It all comes down to one choice- Comfort Zone or Productivity?
By Nidhi ParikhApr 14, 2019
In the quest for increasing our productivity, we do n number of things. From buying self-help books to reading article after article on the routines that successful people follow. Our minds get filled up with so many productive hacks and yet another day seems to have gone down the drain.
Five simple words - We simply do not ACT!
Not knowing what our next moment will be like makes us stressed. Would I be sitting in the same, comfortable chair writing an article? Or would I change my routine and follow that productive hack that I know will help me?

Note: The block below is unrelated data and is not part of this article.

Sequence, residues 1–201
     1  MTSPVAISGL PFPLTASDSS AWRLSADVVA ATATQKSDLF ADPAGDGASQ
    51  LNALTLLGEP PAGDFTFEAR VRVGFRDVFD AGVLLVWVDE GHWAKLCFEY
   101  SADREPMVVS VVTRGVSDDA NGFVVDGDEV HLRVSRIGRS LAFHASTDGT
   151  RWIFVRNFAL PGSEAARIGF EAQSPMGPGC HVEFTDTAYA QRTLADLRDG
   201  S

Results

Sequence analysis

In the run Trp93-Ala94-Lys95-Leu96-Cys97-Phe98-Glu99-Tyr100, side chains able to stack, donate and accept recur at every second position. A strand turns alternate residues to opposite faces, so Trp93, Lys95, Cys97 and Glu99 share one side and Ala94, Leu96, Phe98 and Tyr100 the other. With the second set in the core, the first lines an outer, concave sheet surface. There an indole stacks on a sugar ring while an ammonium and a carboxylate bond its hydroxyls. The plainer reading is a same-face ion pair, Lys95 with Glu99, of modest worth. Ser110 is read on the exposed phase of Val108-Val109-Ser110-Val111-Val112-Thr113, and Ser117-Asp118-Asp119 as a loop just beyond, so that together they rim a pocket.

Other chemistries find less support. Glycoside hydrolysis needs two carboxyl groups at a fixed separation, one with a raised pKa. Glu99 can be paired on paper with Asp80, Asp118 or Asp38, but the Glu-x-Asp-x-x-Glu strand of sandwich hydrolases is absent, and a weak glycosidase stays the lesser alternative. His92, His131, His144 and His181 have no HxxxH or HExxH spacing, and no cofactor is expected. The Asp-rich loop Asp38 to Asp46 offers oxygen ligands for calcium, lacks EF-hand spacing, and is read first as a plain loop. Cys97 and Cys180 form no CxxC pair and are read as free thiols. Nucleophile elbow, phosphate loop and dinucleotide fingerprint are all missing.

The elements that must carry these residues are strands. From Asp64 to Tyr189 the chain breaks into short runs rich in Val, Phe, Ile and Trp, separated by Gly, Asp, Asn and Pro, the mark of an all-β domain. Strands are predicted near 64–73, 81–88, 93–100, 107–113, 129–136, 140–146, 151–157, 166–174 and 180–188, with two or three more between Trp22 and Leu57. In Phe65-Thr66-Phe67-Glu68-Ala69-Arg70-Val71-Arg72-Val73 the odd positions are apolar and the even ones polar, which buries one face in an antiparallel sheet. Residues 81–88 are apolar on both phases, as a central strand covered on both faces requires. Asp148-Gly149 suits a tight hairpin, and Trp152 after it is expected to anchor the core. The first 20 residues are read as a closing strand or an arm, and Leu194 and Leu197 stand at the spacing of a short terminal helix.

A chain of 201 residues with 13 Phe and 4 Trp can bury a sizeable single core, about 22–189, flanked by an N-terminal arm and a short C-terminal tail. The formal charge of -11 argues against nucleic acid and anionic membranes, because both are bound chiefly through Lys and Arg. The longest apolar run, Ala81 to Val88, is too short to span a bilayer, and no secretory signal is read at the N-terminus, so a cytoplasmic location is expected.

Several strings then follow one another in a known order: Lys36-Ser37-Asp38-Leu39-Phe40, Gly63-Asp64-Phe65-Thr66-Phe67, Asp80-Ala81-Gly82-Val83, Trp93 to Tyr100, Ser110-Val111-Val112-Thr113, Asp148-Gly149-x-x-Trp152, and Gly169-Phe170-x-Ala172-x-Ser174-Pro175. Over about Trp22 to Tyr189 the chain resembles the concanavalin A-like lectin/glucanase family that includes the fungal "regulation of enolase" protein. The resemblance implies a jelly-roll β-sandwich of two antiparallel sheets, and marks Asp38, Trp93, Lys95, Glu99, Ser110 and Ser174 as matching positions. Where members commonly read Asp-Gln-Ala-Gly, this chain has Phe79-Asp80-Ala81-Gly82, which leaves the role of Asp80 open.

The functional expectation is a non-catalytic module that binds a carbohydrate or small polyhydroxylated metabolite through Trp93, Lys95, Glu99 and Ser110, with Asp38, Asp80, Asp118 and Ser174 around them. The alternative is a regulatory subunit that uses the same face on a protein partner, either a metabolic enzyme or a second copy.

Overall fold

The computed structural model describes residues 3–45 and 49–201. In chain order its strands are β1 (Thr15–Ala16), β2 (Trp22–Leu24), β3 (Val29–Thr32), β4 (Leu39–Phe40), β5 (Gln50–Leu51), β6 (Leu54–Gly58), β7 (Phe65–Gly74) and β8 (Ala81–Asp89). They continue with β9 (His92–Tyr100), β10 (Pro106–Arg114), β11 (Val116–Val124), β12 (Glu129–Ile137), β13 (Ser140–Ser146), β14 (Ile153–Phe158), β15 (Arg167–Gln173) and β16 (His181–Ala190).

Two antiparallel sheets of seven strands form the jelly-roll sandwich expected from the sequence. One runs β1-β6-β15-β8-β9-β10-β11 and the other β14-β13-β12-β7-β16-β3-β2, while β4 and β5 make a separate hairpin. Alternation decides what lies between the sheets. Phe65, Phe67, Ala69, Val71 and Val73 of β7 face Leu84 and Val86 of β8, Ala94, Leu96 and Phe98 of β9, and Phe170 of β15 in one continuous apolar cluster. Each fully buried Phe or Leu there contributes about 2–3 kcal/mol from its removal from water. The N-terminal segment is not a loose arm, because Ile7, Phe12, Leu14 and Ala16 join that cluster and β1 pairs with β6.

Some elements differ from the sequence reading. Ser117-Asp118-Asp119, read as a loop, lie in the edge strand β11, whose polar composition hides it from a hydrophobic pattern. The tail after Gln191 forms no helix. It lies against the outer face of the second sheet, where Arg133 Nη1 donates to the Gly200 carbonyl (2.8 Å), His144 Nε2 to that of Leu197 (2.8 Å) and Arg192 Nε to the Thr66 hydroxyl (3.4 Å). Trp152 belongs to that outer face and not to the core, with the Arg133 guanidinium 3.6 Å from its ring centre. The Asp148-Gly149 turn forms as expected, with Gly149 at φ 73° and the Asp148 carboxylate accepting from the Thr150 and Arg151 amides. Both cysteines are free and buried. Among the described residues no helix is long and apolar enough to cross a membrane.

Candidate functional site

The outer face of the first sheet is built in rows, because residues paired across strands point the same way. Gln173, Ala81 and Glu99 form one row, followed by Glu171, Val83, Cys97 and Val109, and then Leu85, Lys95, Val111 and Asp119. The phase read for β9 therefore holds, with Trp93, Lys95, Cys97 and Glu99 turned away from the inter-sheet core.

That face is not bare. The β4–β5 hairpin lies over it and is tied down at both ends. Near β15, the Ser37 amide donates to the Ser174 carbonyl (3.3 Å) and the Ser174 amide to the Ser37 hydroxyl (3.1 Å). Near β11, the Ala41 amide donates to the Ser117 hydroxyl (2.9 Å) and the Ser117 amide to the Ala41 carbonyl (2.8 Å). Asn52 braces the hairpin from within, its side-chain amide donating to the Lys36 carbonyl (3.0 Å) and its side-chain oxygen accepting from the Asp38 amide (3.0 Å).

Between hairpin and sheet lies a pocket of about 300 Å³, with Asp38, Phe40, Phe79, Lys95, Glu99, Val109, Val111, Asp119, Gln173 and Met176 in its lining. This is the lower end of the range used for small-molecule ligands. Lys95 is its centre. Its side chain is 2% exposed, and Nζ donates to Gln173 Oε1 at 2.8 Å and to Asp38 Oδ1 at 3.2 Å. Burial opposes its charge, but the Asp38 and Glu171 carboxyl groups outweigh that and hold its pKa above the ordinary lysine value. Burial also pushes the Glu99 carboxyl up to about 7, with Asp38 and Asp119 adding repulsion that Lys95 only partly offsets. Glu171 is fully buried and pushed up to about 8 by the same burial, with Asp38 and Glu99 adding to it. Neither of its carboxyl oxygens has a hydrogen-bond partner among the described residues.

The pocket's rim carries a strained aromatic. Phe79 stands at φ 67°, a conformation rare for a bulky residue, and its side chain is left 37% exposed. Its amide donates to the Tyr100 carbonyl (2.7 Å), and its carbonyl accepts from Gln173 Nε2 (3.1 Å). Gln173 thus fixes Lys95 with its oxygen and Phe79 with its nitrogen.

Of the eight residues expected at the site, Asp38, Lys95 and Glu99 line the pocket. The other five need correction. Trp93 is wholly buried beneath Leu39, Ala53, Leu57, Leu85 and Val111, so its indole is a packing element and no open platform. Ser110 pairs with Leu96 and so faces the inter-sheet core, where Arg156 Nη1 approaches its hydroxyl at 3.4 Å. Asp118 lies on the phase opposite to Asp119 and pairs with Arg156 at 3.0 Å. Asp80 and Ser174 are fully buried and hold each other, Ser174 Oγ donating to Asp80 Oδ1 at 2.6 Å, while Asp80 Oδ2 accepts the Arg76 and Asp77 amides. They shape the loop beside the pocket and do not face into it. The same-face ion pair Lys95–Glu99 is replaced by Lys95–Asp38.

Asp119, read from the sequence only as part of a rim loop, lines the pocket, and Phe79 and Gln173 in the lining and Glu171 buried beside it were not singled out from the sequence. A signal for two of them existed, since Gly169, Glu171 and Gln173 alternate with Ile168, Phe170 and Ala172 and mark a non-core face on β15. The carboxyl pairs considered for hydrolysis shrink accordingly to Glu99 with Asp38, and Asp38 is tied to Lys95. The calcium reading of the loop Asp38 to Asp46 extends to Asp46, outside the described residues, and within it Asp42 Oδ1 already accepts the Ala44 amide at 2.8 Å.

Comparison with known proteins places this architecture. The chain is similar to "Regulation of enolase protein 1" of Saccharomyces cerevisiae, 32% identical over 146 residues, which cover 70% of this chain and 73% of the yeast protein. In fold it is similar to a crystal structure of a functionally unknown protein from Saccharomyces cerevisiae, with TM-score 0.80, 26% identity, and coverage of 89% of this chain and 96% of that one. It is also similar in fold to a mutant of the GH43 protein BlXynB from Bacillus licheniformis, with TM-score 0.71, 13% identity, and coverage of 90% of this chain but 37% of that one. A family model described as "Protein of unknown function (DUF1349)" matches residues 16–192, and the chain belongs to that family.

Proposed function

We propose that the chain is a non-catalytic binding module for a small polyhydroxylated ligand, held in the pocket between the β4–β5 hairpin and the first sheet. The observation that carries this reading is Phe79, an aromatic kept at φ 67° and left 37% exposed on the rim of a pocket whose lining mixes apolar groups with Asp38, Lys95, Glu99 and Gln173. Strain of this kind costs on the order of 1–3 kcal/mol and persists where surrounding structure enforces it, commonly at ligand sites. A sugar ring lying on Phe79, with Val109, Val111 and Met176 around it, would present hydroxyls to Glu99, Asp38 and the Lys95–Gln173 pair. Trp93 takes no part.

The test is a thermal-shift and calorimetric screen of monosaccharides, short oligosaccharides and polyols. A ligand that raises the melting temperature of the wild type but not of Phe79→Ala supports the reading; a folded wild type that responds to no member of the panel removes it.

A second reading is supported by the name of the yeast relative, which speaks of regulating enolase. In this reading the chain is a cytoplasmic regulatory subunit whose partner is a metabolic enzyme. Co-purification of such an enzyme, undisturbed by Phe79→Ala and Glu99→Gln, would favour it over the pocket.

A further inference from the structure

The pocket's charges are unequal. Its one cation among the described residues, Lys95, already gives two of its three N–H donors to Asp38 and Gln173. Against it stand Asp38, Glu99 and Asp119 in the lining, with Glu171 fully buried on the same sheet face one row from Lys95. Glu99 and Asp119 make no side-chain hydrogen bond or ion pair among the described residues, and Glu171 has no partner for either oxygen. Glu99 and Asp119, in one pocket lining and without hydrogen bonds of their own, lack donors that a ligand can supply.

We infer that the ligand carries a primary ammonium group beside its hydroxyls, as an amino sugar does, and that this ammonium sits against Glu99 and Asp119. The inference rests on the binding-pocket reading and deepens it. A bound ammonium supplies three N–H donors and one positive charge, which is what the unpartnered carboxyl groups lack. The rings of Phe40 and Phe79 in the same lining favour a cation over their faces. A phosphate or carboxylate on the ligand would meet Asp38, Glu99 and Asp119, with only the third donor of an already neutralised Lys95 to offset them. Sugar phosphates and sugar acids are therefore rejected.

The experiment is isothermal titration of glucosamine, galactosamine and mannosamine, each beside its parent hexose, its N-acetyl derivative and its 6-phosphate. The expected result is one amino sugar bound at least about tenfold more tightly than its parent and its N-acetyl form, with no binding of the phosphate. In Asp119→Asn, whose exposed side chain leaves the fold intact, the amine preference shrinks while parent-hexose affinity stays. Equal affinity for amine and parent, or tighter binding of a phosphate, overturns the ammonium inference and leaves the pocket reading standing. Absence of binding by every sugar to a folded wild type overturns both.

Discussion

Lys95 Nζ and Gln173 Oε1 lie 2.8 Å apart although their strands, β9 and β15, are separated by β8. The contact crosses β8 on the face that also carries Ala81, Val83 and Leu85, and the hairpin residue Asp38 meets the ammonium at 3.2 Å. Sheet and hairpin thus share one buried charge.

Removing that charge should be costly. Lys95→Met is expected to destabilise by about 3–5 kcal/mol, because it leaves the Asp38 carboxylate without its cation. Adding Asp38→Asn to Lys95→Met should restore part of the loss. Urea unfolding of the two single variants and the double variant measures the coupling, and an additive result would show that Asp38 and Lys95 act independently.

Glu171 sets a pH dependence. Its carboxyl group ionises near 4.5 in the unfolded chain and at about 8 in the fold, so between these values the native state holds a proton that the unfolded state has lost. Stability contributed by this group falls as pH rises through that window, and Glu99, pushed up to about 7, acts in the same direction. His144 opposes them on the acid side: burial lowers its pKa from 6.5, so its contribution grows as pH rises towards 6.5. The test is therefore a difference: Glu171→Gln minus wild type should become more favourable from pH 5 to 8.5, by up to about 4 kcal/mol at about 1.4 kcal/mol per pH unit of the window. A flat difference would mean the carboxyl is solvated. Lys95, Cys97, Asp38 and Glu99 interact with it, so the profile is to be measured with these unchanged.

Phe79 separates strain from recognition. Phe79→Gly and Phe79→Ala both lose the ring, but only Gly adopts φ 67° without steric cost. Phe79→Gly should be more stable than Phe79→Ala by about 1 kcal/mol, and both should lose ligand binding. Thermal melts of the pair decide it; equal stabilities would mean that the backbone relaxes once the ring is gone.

The fear of uncertainty drives us to keep doing the same things over and over again. It pushes us to be stuck in our comfort zones. This is not just limited to the work we do, it spills over in every facet of our lives. We go to the same restaurant, we order the same kind of coffee, we take the same route to work every day and we remain stuck in the same position at the same job for so many years.
Studies show that stepping out of our comfort zone leads to increased productivity, creativity and the ability to deal with new and unexpected changes.
But, let’s take some time out to understand why comfort zone pushes us into a cycle of unproductivity
Comfort zone breeds consistency
From our childhood, we have been told that we should be consistent. Wake up at 7, have dinner at 8, go to bed at 10 and on and on it goes.
Don’t get me wrong here. Having a routine you can follow is good, sometimes even necessary. But to what extent?